Sunday, August 28


Frank Rich is right. Democrats risk irrelevancy as long as they support continuing the Iraq War. Should a Democrat stake out such a position ("we can still win this thing if only someone more competent than Bush was prosecuting it') and win the presidency in 2008, it won't be long before the Democratic Party owns this war -- it will be quickly forgotten that it was the Republicans who got us into this mess.

It's 1968 all over again, with the parties flipped. LBJ, a Democrat, escalated the conflict in Vietnam he inherited from JFK into a full-fledged war and after 3-4 years had to face the fact that he could not win re-election because of it. Richard Nixon, who in his turn inherited it from LBJ after his own election in 1968, was determined not to be the first American president to lose a war and made the disastrous mistake of trying to continue the war "under new management." He had a "secret plan to end the war," he said, as if management was the problem, not the war or the rationales for it themselves. Nixon and his party, I suppose in a fervor of nationalism, refused to brand the conflict as a mistake and continued to beat the drums of patriotism and the domino theory. Four more years was enough to bring the American public to the realization that the Vietnam War was a dreadful, dreadful mistake. What's more, it was now Nixon's war, not LBJ's, and Republicans eventually paid a political price for that sentiment.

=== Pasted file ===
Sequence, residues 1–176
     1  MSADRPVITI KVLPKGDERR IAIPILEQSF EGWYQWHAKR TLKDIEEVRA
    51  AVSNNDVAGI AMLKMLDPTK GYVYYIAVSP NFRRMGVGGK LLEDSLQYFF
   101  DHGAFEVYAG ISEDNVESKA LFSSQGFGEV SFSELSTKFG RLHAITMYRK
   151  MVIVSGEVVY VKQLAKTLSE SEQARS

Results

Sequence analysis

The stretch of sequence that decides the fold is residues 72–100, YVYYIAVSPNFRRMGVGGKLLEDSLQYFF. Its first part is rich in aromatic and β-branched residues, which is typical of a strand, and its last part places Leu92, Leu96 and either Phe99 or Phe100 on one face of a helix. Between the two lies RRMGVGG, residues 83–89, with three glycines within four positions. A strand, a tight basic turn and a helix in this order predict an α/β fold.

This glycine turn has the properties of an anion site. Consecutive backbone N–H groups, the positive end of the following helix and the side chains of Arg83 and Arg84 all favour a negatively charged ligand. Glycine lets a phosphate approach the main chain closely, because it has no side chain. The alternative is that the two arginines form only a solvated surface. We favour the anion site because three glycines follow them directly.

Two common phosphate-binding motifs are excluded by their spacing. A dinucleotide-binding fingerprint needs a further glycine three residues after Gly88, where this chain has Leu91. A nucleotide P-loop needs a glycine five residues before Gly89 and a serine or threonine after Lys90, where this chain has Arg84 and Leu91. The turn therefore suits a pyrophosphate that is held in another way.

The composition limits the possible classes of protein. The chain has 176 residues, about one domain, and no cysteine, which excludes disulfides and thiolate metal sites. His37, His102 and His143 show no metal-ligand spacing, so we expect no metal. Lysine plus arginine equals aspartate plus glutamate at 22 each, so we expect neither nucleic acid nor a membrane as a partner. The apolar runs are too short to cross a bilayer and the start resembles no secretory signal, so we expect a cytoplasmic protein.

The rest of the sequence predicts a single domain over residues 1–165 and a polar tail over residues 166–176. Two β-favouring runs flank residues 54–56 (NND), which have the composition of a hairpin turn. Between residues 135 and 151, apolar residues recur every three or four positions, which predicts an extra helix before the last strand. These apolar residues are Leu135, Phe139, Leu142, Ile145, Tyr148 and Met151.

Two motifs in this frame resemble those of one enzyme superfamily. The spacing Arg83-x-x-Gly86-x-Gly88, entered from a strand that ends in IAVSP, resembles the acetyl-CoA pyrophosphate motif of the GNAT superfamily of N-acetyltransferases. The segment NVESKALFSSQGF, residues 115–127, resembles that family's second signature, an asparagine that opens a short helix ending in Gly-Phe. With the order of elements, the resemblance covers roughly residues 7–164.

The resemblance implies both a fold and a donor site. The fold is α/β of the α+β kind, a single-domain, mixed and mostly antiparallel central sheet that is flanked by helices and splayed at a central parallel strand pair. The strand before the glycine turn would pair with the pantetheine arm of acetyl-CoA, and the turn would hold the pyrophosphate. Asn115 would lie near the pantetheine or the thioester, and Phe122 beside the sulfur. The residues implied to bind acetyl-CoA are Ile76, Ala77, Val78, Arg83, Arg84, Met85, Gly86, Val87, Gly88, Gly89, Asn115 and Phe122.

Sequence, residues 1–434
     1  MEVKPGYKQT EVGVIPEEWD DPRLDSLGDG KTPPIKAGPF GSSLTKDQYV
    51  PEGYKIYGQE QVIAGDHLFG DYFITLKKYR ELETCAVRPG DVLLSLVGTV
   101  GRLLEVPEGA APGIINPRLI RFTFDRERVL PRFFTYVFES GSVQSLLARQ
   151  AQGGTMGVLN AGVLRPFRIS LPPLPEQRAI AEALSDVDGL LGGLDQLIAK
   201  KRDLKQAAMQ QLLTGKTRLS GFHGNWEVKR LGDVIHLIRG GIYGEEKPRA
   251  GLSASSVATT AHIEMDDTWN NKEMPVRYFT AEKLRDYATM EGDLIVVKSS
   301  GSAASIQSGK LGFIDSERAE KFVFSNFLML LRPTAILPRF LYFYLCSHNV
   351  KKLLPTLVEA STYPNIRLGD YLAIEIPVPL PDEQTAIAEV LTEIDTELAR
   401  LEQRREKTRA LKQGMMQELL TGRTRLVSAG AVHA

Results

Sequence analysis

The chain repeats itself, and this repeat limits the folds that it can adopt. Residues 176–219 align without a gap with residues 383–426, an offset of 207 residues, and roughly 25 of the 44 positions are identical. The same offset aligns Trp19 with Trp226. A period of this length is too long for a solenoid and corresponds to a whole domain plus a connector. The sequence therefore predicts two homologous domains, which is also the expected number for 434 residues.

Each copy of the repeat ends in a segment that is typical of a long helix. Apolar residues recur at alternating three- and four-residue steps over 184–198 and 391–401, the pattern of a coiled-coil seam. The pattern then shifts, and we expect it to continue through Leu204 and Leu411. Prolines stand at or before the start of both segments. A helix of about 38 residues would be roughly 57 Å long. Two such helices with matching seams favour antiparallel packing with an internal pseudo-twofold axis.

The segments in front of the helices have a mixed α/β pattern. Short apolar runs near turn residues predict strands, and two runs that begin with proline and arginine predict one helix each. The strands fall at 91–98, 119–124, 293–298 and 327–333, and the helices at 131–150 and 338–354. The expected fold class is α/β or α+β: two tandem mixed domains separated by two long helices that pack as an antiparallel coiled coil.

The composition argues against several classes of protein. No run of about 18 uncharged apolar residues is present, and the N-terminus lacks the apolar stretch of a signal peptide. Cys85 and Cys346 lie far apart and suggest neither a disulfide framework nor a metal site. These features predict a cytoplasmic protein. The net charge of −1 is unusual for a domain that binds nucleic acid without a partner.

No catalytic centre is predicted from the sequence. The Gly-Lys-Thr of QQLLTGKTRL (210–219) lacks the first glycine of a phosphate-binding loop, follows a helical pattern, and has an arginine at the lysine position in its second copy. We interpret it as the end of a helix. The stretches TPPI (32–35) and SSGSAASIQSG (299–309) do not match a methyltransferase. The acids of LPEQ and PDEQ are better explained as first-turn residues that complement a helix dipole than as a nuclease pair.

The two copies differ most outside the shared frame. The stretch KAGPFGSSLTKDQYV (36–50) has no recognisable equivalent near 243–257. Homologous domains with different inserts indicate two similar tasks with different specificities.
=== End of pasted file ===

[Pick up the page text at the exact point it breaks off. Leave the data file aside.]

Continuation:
Now most of our Democratic leaders are echoing Nixon's mistake. Once again, it's the management, not the policy, that's in error. Polls show that a majority of Americans don't agree with them. Biden, Kerry, Clinton et al say if only we would throw more troops into Iraq things would turn out differently. Where, precisely, do they propose getting those troops? And why, precisely, do they think that even a defeat of the "insurgents" would discourage conflict between the Kurds, Sunnis, and Shi'ites? The problem is, the hawks still don't understand that the insurgents are not, Vietnam style, representing a single ideology or identity. They're composed of former Ba'athists, ordinary Iraqis who want their country won back from the invading Americans, foreign fighters, and, most significantly, adherents of various clerics and Islamic ideologies. Our staying or going is not going to change the fact that we've already broken Iraq, we've allowed it to fragment it, and we simply can't paste it back together again.

I've read the arguments of many whom I respect in the blogosphere that we have to win the 2006 and 2008 elections in order to change the course of the war (and our own nation), and that we can't do that with a "dove" at the head of the ticket. I reject that as a fallacy. The trick is not to endorse the Bush mission but to change the positioning of the Democrats. Our leader mustn't pretend that it was right to vote for the war but that Bush has bungled it. He or she should insist that we were deceived and that now we know it was a terrible error to invade Iraq, and that continuing it will break the Army and the Guard and ruin our chances of fighting global terrorism, protecting our borders and securing our homeland from the very real threats that now and might in the future threaten the country. We can talk militarily tough all we want so as to avoid the George McGovern syndrome, but we mustn't for one minute suggest that Bush was right. If we elect a Democratic hawk, we'll own this disastrous war, and we'll get the blame for years to come for a situation we inherited and could not win.

Because make no mistake -- there is no way to win in Iraq.


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